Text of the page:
The United States is Lithuania’s strategic partner and key ally for the security of the Baltic region. The two countries cooperate across a range of areas, including acquisitions. Another similar project underway and being agreed is the procurement of 200 JLTV armoured all-terrain vehicles from the U.S. Government for the Lithuanian Armed Forces. The United States, in its turn, made extensive investments to Lithuania’s military training areas and other infrastructure, training of Lithuania’s military personnel, and other areas, as part of its security assistance programs in Lithuania. In order to ensure sustainability of the cooperation activities and proper funding of long-term projects Lithuania and the U.S. have signed a cooperation plan in the beginning of this year.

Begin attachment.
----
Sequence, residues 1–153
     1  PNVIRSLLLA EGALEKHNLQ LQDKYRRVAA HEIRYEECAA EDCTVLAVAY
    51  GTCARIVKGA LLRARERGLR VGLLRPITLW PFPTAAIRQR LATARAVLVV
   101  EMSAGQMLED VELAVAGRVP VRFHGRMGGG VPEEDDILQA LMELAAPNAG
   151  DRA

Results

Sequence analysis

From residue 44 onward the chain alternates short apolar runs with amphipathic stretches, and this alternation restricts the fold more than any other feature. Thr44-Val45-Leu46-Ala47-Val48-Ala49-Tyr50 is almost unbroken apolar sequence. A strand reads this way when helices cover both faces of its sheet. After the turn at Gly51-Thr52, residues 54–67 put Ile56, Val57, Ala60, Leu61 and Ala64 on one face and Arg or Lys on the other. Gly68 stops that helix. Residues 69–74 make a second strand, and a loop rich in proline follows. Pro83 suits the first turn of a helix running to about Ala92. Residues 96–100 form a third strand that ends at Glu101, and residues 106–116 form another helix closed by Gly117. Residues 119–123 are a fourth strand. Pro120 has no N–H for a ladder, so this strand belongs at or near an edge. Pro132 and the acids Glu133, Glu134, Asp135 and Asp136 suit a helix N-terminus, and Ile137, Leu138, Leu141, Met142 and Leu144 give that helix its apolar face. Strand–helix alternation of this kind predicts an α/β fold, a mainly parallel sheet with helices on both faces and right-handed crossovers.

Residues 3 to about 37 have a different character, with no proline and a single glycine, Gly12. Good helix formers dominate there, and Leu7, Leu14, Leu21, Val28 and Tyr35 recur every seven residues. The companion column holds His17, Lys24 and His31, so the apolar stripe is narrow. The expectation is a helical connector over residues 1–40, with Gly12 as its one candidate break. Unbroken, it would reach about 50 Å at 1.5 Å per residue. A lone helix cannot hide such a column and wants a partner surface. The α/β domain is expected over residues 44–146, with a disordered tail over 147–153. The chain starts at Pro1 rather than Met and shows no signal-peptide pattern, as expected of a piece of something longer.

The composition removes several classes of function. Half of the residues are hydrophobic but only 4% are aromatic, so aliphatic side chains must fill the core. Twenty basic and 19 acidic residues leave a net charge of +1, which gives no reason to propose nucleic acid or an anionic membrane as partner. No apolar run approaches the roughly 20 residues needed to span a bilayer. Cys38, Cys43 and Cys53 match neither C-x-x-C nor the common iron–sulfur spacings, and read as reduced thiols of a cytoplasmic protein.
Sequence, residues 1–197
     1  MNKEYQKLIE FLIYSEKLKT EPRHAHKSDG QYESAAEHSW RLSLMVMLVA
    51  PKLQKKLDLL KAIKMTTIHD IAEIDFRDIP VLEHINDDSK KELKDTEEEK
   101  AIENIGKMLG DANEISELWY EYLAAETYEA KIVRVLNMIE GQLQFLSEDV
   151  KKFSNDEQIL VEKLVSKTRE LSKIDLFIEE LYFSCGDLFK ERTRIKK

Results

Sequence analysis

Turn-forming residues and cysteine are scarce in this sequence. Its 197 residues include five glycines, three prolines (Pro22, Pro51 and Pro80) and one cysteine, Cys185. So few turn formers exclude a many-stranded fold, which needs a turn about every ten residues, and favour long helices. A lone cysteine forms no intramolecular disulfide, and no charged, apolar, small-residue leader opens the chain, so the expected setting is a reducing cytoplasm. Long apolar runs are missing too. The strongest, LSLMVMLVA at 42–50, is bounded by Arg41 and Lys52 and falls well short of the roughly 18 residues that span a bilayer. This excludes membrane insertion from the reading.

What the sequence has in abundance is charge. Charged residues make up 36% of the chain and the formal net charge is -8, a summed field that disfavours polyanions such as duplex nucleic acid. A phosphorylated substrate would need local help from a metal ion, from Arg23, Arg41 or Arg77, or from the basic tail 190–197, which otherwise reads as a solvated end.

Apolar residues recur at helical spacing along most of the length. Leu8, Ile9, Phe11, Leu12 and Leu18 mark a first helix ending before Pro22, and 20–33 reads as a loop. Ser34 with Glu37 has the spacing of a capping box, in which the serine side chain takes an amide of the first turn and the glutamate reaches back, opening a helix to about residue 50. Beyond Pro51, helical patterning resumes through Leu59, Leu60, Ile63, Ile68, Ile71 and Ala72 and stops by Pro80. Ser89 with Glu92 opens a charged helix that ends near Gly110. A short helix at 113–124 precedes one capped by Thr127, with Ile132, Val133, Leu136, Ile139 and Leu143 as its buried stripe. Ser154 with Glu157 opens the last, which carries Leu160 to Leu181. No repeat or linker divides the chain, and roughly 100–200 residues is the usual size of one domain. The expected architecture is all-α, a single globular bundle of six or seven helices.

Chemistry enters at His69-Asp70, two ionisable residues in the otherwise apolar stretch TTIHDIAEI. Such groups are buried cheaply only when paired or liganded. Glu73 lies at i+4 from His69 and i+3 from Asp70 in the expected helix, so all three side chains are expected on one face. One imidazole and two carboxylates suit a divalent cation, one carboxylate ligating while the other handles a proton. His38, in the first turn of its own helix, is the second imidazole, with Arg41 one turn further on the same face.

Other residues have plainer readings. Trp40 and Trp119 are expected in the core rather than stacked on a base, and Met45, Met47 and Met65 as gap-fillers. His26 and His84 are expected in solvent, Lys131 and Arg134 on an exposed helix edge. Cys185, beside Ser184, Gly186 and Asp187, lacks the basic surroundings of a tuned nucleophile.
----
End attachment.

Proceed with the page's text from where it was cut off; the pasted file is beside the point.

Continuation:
Fafnir

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Only six UH-60 Black Hawks? Lithuania needs at least 24.
Why 24? Lithuania currently only has 3 Mi-8s and 3 AS565. The AS565 Panthers are new acquisitions from France and form the core of the Lithuanian Air Force's SAR capability. The UH-60 will provide heavy lift and SAR as well, supplanting the aging Mi-8s. Their acquisition doubles the current helicopter inventory of the Lithuanian Air Force.

As a whole the Lithuanian Air Force has just 14 aircraft, rotary and fixed wing and a mere 1000 personnel. It's budget and support infrastructure simply can't support 24 new aircraft.

...

NATO usually provides the bulk of deployable air forces for Lithuania's defence as part of its Baltic Air Policing mission and the eFP (enhanced forward presence) units of NATO's land forces bulk up the small Lithuanian army (alongside those of Estonia and Latvia). Norway for instance contributes heavily to both the Baltic Air Policing mission and NATO high readiness task unit component of the enhanced forward presence initiative. It routinely interdicts Russian aircraft transiting Baltic airspace with F-16s deployed in Lithuania.